‘Classic Song of the Day’ is on its summer break but I couldn’t resist this one, which I came across by chance. City Boy is another of those ‘might have been’ bands from the 1970s/80s which never quite made it across the line despite their excellence, for three possible reasons that I’ll mention later.
The six-man band hailed from the Birmingham area (a heck of lot of good bands have roots there though comparatively speaking it’s not really on the map these days) and started off by playing acoustic music at the region’s clubs in the 1970s.
Between 1976 and 1981 they churned out seven albums and 18 singles. The first five of them were produced by the South African Robert John “Mutt” Lange, who later famously became Mr Shania Twain; he produced her albums as well, including 1997’s Come on Over, which is still the best selling studio album by a female performer, anywhere. Lange has also produced, inter alia, AC/DC, Def Leppard, Foreigner, Lady Gaga and Muse. City Boys’ were amongst the first albums he worked on after relocating to the UK.
With that sort of pedigree you can imagine the huge and sometimes bombastic sound that ‘Mutt’ drew out of City Boy.
Probably the most famous of those 18 singles is the poppy 184.108.40.206 (1978), which got to #8 in the UK charts, #27 in the US Billboard Hot 100 and did well in South Africa and Australia, prompting Hall & Oates to feature City Boy in support on a 66-concert US tour. But the album it came from, Book Early, failed to make its mark in the album charts. I’m sure the album title must have come from the television adverts at the time featuring British holiday camp magnate Fred Pontin. ‘Book early’ was his catchphrase and the adverts were popular in the mid 1970s. (I’m equally sure that most people reading this won’t have a clue what I’m talking about).
However, even though 220.127.116.11 was City Boys’ most successful song I’ve chosen as this CSFTD the title track from the following (fifth) album, The Day the Earth Caught Fire, which featured an early recording contribution from Huey Lewis, on harmonica. It isn’t known if the album and song were named after the 1961 sci-fi disaster movie in which the Earth is blown towards the Sun by multiple Soviet and US nuclear weapon tests. The lyrics suggest they were:
The first evacuee
I was headed for the sea, I saw them
The roadside refugees
The boys with bloody knees who waved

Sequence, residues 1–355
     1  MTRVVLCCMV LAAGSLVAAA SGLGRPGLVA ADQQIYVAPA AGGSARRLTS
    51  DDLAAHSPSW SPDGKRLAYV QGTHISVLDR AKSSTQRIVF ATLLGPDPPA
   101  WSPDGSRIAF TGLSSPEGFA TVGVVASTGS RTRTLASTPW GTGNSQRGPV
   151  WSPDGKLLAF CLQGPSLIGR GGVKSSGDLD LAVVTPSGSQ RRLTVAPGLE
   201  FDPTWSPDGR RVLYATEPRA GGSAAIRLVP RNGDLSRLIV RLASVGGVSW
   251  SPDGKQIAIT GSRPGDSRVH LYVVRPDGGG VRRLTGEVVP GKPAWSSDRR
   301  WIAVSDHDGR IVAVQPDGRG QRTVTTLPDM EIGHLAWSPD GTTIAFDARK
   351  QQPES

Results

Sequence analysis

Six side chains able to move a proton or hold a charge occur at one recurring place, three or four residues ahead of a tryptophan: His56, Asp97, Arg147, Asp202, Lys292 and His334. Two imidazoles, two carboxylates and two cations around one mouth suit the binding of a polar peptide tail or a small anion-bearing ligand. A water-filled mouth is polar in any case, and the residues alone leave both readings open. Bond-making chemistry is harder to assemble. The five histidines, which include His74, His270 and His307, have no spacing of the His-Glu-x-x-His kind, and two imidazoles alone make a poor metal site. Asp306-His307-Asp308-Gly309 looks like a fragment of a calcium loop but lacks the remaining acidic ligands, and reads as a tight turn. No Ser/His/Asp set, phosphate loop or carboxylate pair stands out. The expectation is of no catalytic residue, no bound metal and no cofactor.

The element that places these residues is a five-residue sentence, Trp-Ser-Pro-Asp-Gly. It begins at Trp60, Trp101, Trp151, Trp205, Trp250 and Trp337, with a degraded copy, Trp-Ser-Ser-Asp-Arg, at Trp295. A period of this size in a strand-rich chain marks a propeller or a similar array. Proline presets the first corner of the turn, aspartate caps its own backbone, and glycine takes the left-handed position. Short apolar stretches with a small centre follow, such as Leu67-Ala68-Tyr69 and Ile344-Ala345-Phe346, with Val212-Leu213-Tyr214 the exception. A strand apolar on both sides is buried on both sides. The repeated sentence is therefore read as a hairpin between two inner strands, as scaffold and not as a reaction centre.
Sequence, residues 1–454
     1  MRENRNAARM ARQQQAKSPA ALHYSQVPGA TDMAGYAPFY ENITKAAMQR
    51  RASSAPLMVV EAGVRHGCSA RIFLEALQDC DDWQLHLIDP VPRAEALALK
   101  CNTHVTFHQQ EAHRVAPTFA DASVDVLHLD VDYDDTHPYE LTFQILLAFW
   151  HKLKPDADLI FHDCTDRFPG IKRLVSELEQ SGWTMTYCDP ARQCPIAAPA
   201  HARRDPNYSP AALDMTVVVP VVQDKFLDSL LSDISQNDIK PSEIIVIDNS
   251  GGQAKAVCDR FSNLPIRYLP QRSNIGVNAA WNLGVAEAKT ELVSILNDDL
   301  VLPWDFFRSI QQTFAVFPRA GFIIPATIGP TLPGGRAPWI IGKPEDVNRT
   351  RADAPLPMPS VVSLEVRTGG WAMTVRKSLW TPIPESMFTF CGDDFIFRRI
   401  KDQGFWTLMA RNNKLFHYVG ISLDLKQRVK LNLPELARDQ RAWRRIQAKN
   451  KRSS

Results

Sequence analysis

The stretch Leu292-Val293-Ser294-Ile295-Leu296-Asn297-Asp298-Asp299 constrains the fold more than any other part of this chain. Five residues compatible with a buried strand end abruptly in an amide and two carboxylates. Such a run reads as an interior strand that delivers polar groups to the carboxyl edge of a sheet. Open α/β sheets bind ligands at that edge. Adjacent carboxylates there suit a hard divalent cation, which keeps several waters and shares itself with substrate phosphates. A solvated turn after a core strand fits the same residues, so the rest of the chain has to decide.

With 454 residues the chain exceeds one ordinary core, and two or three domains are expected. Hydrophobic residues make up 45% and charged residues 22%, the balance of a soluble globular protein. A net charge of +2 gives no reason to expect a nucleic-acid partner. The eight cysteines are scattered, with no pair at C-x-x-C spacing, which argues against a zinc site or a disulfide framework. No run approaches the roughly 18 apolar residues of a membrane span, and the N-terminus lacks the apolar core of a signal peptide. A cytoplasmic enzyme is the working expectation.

Abandoned cars that lay too tired to drive away
“A World in Flames Today” was all the papers
Had to say
Run for your life (The Earth’s caught fire)
Run for your life (The Earth’s caught fire) (repeat)
The album was written in the midst of the Cold War (see also CSFTD#25, The Scorpions and Nena) and there is an intriguing little reference to it in a later lyric:
The streetcar prophet said,
“You thought that God was dead-I warned you
The sinners and the saved
They fell down to their knees and prayed
Believers held their breath and stoned a witch to death
The leaders and the led said “Blow the bloody
Apart from the smart lyrics City Boy was characterised by quite complex musical and vocal arrangements for their era with forceful guitars, and they are all evident in this track, during which they alternatively sound to me like Fleetwood Mac and early Genesis.
Unfortunately it all went wrong for City Boy after The Day the Earth Caught Fire. Two of the original members quit the band and the subsequent album, Heads are Rolling, was released as a quartet. It made waves only in the Philippines and only then on the strength of one song. Their final album, It’s Personal, didn’t attract much notice at all and the band failed to convince any major label to sign them. It split up in 1982, some of the members staying in the music business and others not. While the first four albums have been re-mastered and re-released quite recently there have been no reunions.
Nevertheless, as with many other performers in this classic track series, they retain a following and many comments on You Tube concern their powerful live performances and regret the fact they never made it to the top of their profession.
So why did they never ‘make it?’ There are two main theories. The first is that they were too similar to Queen and 10cc, who were both very popular at the time, combining Queen’s power, flamboyance and drive with the melodies and lyrical skills of 10cc. I’m not convinced about that and I’m not sure I hear too much of those bands here either, but it is a popular hypothesis.
The other is that in a pre-punk era when image was so important, they didn’t have an image. Most of them weren’t ‘pretty boys’ and by and large they looked like factory workers from next door. As someone said, if they’d had the looks to match the hooks they could have been huge. I’m ambivalent about that one as well, but it’s possible.
My own theory is that like several other CSFTD bands they were perhaps a little too ahead of their time for the popular music fans of the late 1970s and early 1980s.
©D J Bentley, 2016